3) Labour and SNP will try to do some kind of deal during the wobble – which will force the Lib-Dems hand – do they go with the EU referendum or do they go with another Scot Nat referendum – tricky.
4) Suddenly and briefly the likes of Farage and that eejit Galloway are going to have a moment in the sunshine.
5) Ultimately, if I was a betting man, we’ll have a Tory/LD with the DUP etc supporting on confidence and supply basis.

Jesus, looking at my figures again – it’s going to be bloody close.

Reply

George_East April 17, 2015 at 4:22 pm

Have you lost a couple of NI MPs there? Did you mean SF – 5?

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Ray_North April 17, 2015 at 10:32 pm

took me the best part of an hour to do the maths – quite chuffed i was only out by 2!

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John Dunn April 17, 2015 at 8:08 pm

The best way to avoid that 2 years of uncertainty is to bring the EU referendum forward.? The sooner we get out of that megalomaniac mess, the sooner we can develop our own trade deal with the rest of the world and save the UK a net £10 billion per year.
And, we can also End ECB Dick-tatorship. What an absolute star that girl is.

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Ray_North April 17, 2015 at 10:33 pm

If we’re going to have a referendum on EU better to have it sooner rather than later – but, I’m not sure we’ll be on the same side in a referendum debate John.

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Jackie_South April 17, 2015 at 10:53 pm

A slightly more optimistic prediction from me:

Labour: 280
Conservative: 277
SNP: 40
Lib Dem: 27
DUP: 9
Sinn Fein: 5
Plaid Cymru: 3
SDLP: 3
UKIP: 3
Green: 1
Hermon: 1
Speaker: 1

Progressive block (Lab+SNP+SDLP+Plaid+Green+Hermon)= 328
Conservative block (Con+LD+UKIP)= 307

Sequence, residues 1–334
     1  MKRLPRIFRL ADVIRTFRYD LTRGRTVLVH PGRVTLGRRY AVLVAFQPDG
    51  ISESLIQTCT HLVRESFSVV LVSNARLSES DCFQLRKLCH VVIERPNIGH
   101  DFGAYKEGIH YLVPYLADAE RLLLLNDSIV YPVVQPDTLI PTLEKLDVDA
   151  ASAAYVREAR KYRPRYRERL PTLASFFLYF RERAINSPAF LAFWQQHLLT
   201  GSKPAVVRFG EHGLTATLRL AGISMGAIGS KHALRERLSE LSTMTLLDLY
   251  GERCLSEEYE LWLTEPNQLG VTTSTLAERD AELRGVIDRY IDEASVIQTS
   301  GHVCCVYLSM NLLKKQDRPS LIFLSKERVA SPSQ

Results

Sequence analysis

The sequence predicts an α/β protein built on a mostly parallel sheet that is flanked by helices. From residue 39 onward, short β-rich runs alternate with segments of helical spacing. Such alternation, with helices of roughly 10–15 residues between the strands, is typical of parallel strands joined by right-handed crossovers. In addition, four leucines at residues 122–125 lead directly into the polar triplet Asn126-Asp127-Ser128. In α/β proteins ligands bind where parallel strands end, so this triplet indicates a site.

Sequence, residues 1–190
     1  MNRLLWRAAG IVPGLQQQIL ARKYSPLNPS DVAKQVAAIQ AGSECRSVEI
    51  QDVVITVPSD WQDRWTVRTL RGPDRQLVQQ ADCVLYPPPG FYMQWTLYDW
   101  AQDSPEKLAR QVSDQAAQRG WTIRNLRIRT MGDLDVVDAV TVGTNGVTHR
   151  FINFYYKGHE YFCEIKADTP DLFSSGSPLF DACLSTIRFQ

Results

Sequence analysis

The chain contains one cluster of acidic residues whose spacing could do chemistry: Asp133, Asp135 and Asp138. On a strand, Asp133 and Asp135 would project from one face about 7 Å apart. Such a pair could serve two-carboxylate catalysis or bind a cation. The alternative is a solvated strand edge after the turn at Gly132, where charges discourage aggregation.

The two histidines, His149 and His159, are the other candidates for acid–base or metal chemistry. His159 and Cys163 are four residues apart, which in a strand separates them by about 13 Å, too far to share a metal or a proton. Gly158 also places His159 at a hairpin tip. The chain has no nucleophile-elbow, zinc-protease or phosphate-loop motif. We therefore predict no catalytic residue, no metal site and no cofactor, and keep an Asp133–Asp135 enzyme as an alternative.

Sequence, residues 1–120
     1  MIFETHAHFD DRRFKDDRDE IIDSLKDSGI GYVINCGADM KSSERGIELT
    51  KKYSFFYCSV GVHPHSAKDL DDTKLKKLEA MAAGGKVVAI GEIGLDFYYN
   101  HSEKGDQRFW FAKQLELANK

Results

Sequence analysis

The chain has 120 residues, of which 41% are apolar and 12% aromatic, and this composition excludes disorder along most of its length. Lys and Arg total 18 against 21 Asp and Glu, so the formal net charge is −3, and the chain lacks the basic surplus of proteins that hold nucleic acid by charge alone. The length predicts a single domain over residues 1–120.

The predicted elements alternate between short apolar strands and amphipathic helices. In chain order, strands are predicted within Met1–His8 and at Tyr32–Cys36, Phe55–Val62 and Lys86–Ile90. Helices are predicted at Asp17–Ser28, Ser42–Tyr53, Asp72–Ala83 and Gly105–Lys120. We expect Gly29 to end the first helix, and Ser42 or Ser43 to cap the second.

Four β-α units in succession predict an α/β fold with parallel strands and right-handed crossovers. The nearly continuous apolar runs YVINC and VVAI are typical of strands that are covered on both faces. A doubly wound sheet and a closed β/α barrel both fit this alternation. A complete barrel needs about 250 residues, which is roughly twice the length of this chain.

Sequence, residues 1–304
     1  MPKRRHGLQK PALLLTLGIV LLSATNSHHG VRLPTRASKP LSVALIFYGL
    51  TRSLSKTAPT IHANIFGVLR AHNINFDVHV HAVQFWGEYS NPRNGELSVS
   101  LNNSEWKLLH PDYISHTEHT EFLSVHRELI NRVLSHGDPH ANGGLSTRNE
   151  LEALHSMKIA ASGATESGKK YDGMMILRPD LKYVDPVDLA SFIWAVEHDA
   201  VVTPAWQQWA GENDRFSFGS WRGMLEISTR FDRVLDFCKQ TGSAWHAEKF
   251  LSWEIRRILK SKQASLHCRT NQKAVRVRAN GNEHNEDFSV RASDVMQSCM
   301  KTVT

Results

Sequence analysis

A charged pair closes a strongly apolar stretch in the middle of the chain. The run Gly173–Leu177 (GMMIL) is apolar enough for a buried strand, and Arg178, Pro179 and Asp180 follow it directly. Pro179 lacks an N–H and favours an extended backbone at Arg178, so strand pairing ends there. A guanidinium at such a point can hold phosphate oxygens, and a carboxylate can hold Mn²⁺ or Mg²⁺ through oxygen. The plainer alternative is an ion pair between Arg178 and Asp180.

Others (DUP+Speaker)=10
Absent (Sinn Fein)=5

I’m not including the DUP in either block due to their likelihood to trade with whichever block is bigger. Whilst they are socially conservative, their redline on abolishing bedroom tax and their general anti-austerity stance re: N Ireland makes them hard to pigeonhole with the Tory-led block.

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John Stone April 18, 2015 at 7:34 am

A critical factor over the next week or two will be the extent to which the unionist or no vote coalesces around the best positioned unionist candidate in different seats. How much of the unionist vote will see it as more important to try and stop the SNP rout than to vote their personal preference? That could make the difference between an SNP return of 50 and one in the low to mid 30s I guess?

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Jackie_South April 18, 2015 at 11:16 am

A fair point, John. My own prediction (40 SNP) is based on a moderate unionist rallying and a repetition of the “shy No” factor that there was in the referendum.

For the other Scottish seats, I predict 2 Tories, 2 Lib Dem and 15 Labour. Ironically, the SNP surge looks likely to help the Tories gain a seat (Berwickshire, Roxburgh & Selkirk).

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George_East April 18, 2015 at 3:08 pm

I’ve just noticed you are predicting Galloway to lose his seat. I hope you are right.

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Jackie_South April 18, 2015 at 4:37 pm

It is a close call there I think, but I think a higher turnout will help Labour there. In any case, whichever way the result goes in Bradford West, it is a seat in the progressive camp.

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John Dunn April 20, 2015 at 5:46 am

I wonder if polls and predictions are being blindsided by a new voting phenomenon not yet appreciated?.
All the talk is of where the each party’s core voters have shifted (from) ~ (to). But no one has a grip on the level number of ‘middle aged, never before voted’? In the last couple of months, I have been asked to help with voter registration. Those asking for help are mid 40′s to 50 year old. None of those 11 people I’ve helped register, has ever voted before.
Question to pollsters and predictors :
~ What do you think is the impetus for these previously *absent voters*?
~ Can you guess who their intended vote is for?.
~ And crucially,…Do you think your poll/prediction results are accurate and account for the *never before* voters?

Reply

George_East April 24, 2015 at 11:47 am

An interesting phenomenon and it is notable that nearly 500,000 voters registered on line on the last day permitted (20 April). I don’t see why these voters wouldn’t be picked up by the pollsters though.

Reply